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Here Are Ten of the Real Reasons We Are In a ‘Constitutional Crisis’

Yesterday, live on cable television, Rep. Jerry Nadler, the chairman of the House Judiciary Committee, dramatically declared that we are now in a “constitutional crisis.” This was just after his committee had voted to hold Attorney General Bill Barr in contempt for his refusal to comply with a subpoena for the full Mueller report, on which President Donald Trump, rather bizarrely, has now invoked Executive Privilege.

Nadler’s claim is not without justification. The Trump administration, in an apparent attempt to mute or even cover-up the real findings of the Mueller investigation as much as they possibly can, has taken numerous actions that threaten our system of checks and balances, which is based on three co-equal branches of government not overreaching their authority and respecting the proper roles of the other two.

It is probably a good time to examine how it is that, despite having the best governmental structure humans have ever created, we have somehow gotten to this precarious point, with no apparent way out of it. The story of this system-wide failure is a narrative that makes just about everyone look really bad, and where there are sadly no heroes.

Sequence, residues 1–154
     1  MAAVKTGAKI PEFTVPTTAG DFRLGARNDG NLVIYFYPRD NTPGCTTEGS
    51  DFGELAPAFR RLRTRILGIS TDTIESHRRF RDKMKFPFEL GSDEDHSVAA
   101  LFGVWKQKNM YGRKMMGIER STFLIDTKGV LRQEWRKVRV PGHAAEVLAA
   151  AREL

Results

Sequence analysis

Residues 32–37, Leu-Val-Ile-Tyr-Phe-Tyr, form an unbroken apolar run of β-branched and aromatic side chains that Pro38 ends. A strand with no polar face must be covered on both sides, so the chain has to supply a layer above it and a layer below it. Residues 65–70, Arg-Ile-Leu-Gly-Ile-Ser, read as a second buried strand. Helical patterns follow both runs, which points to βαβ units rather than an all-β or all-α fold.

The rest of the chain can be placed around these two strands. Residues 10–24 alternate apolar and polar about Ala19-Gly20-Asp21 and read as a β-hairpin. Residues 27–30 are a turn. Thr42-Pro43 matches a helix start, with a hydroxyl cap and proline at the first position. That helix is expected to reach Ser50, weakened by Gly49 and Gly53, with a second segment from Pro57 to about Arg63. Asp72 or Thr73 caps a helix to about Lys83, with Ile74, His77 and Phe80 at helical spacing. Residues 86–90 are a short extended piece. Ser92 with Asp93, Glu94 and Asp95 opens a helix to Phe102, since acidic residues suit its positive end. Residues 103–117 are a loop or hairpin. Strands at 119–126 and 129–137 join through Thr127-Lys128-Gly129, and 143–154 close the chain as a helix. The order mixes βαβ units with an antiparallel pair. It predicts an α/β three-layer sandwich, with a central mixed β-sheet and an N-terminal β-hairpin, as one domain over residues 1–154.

In short, the American experiment was set up with numerous failsafe mechanisms in place as way to prevent something like the situation we are currently in the process of facing from ever fully coming to fruition. Here is a, surely incomplete, list of where and how that machinery failed thanks to what might be called a perfect storm of circumstances.

  • No one possessing the lack of character of Donald Trump was ever intended to become a major party’s presidential nominee, and then also to have the benefit of running against someone as unpopular as Hillary Clinton, mostly because no one ever anticipated celebrity being by far the most important characteristic that a presidential candidate could ever possess.
  • An adversarial foreign power was never supposed to be allowed to try to influence our presidential election on one candidate’s behalf, and if they did, surely that candidate would never accept their help and not even inform our intelligence agencies about what was happening. The prospect of that candidate actually winning, while not even getting the most votes, was surely never even contemplated.
  • Our news media was never supposed to completely abdicate their responsibility to properly vet candidates because it wasn’t in their financial self-interest to do so. They also were never expected to have blown all their credibility with huge portions of the population because of years of extreme bias and the craven pursuit of ratings over substance, so that when they really needed to be trusted, none of the right people still took them seriously.
  • It was never expected that an elected president could be so craven as to be willing to blow up the entire system to protect themselves from being held accountable for their own wrong doing.